## Presentation on theme: "More About Significance Tests"— Presentation transcript:

Presentation 11 More About Significance Tests

Inference Techniques Confidence Intervals: 1. 1-Proportion 2. 1-Mean
3. Difference between 2-Proportions 4. Difference between 2-Means Hypothesis Tests: 1-Proportion 1-Mean Difference between 2-Means Difference between 2-Proportions Difference between Paired Means. Chi-Square (Relationship between 2 Categorical Variables) Regression (Relationship between 2 Quantitative Variables) ANOVA (Difference between 3 or More Means) Median Tests

General Steps for Hypothesis Tests
Step 1: Determine the H0 and Ha. The alternative hypothesis, Ha, is the claim regarding the population parameter that we want to test. There are three possible Ha's - the parameter is not equal to a null value (two-sided), less than a null value (one-sided) or greater than a null value (one-sided). The null hypothesis, H0, claims that nothing is happening. H0 can be the opposite of Ha or just that the parameter is equal to the null value. Step 2: Verify necessary data conditions, if met summarize the data into an appropriate test statistic. The conditions to be verified are the same conditions we have seen in Chapter 12 for creating C.I's. The test statistic is a standardized statistic, i.e. is of the form Sample statistic - Null value Null s.e (sample statistic) Under H0 the test statistic follows either a normal distribution (proportion cases) or a t-distribution with some d.f (mean cases).

General Steps for Hypothesis Tests
Step 3: Find the p-value. The p-value is the probability that the test statistic is as large or larger in the direction(s) specified from Ha assuming that H0 is true. This, to get the p-value you need the form of Ha, the value of the test statistic, and the distribution of the test statistic under the H0. Step 4: Decide whether or not the result is statistically significant. The results are statistically significant if the p-value is less than alpha, where alpha is the significance level (usually 0.05). Based on the p-value we have two possible conclusions If p-value < α we reject the null and we claim the alternative is true. If p-value > α we fail to reject the null, we claim that there isn't enough evidence to report Ha is true. In this case, we do not claim that the null is true! Step 5: Report the conclusion in the context of the situation. Finally, write one or two sentences explaining what is the conclusion in terms of the problem.

One sample t-test (one mean or paired data)
In this case we consider the following hypotheses: Ha : µ  µ0 H0 : µ = µ0 vs one of the following Ha : µ > µ0 Ha : µ < µ0 We have the following t-test statistic Assuming that H0 is true, the test statistic has a t-distribution with (n-1) degrees of freedom, if one of the following conditions is true: the random variable of interest is bell-shaped (in practice, for small samples the data should show no extreme skewness or outliers). the random variable is not bell-shaped, but a large random sample is measured, n ≥ 30.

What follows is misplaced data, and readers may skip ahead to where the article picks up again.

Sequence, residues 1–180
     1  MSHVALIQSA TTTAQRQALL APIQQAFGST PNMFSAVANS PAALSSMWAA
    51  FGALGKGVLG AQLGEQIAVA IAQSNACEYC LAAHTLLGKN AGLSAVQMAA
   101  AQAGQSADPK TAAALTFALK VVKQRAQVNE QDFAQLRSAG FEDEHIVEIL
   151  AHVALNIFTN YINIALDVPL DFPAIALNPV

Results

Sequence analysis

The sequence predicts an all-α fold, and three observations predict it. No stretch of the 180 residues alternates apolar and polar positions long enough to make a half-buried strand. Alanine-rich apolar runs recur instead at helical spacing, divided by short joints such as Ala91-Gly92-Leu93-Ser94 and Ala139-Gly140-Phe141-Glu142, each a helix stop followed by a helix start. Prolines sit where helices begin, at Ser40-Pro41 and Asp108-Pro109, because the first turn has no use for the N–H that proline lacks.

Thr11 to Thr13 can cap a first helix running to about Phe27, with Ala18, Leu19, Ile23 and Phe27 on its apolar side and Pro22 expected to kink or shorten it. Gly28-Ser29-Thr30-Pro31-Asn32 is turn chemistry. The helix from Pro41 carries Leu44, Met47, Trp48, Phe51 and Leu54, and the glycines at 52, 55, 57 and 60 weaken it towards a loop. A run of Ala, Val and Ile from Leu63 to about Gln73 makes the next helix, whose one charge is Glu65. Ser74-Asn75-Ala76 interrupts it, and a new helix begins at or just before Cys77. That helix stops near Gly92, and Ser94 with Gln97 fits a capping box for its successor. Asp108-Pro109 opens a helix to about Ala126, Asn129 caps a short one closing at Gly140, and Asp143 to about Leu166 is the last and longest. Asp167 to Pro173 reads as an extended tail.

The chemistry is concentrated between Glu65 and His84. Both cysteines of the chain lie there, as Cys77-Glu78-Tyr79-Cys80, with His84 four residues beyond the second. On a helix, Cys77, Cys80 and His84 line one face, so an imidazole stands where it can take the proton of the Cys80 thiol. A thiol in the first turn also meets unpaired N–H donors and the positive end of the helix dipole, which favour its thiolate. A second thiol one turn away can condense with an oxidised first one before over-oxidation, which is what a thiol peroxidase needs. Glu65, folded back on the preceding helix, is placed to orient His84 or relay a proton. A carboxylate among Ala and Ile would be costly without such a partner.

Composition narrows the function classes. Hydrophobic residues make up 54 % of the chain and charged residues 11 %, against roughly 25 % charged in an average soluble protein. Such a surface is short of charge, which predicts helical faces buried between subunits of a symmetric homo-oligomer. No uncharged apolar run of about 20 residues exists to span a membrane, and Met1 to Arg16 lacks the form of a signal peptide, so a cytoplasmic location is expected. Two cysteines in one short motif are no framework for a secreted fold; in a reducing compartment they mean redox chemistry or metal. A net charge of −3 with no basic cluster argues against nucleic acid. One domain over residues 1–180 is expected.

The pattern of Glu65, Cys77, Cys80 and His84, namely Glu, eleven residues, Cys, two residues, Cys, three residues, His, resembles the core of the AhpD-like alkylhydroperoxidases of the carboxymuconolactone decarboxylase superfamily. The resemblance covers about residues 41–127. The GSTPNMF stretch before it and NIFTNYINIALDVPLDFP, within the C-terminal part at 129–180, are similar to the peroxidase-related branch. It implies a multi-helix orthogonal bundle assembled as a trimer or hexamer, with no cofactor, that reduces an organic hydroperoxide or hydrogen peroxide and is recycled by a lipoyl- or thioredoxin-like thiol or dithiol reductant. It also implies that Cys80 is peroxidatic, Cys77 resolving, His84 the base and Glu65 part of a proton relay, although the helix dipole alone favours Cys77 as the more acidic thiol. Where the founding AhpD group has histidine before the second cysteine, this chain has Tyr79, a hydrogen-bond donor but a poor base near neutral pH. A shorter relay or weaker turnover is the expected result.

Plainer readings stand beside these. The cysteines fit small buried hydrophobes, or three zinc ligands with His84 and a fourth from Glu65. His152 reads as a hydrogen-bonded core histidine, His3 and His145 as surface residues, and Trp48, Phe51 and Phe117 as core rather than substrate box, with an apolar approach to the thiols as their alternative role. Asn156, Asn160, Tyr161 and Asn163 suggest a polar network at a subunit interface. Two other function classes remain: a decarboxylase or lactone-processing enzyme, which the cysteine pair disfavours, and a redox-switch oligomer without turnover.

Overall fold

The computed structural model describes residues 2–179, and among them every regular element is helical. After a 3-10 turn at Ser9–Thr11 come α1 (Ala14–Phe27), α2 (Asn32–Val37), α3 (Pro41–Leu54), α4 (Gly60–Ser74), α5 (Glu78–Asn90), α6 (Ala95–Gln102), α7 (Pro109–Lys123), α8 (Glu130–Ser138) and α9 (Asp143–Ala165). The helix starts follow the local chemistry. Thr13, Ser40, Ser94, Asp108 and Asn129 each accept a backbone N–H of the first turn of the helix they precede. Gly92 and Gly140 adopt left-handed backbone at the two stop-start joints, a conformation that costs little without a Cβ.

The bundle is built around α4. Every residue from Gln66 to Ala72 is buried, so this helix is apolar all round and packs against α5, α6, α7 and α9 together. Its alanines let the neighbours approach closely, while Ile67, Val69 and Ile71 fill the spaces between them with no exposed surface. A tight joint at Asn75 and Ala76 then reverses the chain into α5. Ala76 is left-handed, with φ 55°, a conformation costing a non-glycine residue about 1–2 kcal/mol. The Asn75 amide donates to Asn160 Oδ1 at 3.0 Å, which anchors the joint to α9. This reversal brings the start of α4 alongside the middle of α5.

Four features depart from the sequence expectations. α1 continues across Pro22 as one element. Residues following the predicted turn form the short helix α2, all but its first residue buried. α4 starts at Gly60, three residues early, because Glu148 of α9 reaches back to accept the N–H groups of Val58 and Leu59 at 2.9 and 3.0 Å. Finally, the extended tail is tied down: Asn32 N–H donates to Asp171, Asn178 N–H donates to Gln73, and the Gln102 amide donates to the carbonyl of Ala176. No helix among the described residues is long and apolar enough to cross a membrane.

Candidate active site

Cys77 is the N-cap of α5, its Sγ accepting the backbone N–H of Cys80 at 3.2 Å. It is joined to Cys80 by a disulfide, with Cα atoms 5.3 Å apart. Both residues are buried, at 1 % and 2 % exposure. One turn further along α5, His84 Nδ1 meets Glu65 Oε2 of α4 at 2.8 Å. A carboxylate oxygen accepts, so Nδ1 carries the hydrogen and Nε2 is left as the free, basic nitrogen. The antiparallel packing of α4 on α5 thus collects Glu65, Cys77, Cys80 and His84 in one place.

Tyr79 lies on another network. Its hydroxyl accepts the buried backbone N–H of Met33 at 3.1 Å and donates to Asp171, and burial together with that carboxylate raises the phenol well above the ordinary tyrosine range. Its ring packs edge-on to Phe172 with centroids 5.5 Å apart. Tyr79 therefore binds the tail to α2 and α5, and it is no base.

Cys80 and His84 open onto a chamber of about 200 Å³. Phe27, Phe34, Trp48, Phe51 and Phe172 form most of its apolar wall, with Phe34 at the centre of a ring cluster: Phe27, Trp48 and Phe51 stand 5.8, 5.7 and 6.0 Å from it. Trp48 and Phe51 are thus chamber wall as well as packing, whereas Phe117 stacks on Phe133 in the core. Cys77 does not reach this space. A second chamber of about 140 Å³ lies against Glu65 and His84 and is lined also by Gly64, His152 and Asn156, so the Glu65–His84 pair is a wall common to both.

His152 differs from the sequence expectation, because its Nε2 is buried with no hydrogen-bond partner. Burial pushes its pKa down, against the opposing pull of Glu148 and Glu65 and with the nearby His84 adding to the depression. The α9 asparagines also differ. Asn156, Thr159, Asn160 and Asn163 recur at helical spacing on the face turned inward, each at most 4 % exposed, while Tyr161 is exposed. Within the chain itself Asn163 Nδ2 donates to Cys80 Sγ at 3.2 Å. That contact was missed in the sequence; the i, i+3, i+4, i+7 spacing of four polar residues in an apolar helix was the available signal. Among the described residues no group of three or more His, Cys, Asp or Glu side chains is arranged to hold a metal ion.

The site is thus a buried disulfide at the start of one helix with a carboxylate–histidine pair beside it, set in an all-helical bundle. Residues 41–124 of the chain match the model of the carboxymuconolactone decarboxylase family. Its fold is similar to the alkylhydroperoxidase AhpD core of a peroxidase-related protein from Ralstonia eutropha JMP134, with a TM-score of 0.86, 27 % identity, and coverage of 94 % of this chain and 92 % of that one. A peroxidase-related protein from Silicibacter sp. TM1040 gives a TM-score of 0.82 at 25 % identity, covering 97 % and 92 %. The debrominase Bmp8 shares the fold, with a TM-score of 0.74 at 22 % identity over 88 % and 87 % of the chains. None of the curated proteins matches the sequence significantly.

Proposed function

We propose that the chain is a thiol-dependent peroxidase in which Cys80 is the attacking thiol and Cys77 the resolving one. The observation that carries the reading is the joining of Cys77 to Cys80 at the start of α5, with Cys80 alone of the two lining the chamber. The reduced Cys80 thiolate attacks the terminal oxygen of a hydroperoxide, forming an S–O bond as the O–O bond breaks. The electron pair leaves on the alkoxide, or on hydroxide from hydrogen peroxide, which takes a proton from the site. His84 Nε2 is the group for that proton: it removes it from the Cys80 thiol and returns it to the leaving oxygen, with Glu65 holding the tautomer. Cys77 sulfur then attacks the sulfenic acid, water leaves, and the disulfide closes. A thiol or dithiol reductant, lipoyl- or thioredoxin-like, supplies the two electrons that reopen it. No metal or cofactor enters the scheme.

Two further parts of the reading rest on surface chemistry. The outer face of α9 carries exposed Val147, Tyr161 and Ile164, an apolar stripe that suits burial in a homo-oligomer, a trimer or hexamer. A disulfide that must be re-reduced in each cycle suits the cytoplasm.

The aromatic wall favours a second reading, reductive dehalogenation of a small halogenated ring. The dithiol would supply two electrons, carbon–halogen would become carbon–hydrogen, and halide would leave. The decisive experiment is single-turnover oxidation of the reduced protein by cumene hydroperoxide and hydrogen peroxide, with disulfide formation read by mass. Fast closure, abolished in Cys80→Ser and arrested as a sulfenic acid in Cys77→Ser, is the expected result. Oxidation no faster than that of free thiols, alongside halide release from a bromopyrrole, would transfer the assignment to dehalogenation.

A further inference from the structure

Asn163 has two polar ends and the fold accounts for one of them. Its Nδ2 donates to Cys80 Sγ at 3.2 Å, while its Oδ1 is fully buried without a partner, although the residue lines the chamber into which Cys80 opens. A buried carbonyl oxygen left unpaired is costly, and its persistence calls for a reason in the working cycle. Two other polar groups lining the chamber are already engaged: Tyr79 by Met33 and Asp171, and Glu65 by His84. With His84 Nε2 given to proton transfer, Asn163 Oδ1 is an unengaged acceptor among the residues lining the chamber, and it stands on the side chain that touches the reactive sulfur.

One sample t-test (one mean or paired data)
If we denote with T a random variable with t-distribution with (n-1) d.f, and t is the value of out test statistic, then Ha p-value µ < µ0 P( T < t ) µ > µ0 P( T > t ) µ  µ0 2P( T > |t| ) We can find the p-value using the t-table (table A3), and draw a conclusion about the hypotheses in the usual manner.

Two-Sample t-test (difference between two means).
There are two populations (Population 1 and 2) of interest having unknown means µ1 and µ2 respectively. In this case we consider the following hypotheses: Ha : µ1 - µ2 < 0 H0 : µ1 - µ2 = 0 (i.e. no difference) vs one of the following Ha : µ1 - µ2 > 0 Ha : µ1 - µ2  0 We have the following t-test statistic Assuming H0 is true, the test statistic has a t-distribution with approximate d.f. equal to the minimum of n1-1 and n2-1 if the following conditions are true: The two samples are independent. Each sample is either coming from a bell shaped population or the sample size is ≥30. Using the appropriate d.f, we can get the p-value from table A.3 in the same way as in the one-mean case.

Difference between two proportions
Now we will consider two populations having some unknown proportions of interest, p1 and p2 respectively. In this case we consider the following hypotheses: Ha : p1 - p2 < 0 H0 : p1 - p2 = 0 (i.e. no difference) vs one of the following Ha : p1 - p2 > 0 Ha : p1 - p2  0 The sample statistic we will use is To get the null standard error of the statistic we assume that H0 is true, so let p1 = p2 =p. Thus, instead of using and in the s.e formula, we will substitute them with an estimate of the common population proportion. That is, we use the proportion in all available data and we have the null s.e.

Difference between two proportions
Thus, we have the following t-test statistic Assuming H0 is true, the test statistic has a standard normal distribution if the following conditions are true: The two samples are independent. All the quantities are at least 5 and preferably at least 10. We can obtain the p-value using the standard normal table A1. If we denote with Z a random variable with standard normal distribution, and z is the value of out test statistic, then Ha p-value p1 - p2 < 0 P( Z < z ) p1 - p2 > 0 P( Z > z ) p1 - p2  0 2P( Z > |z| )

Table For Hypothesis Testing
Type Parameter Statistic Null Std. Error Test Statistic One Mean (or Paired mean) µ or µd or t df = n-1 Difference Between Means µ1- µ2 df=min(n1-1,n2-1) One Proportion p z Difference Between Proportions p1-p2 = . = This is the overall proportion-like if we had one big sample!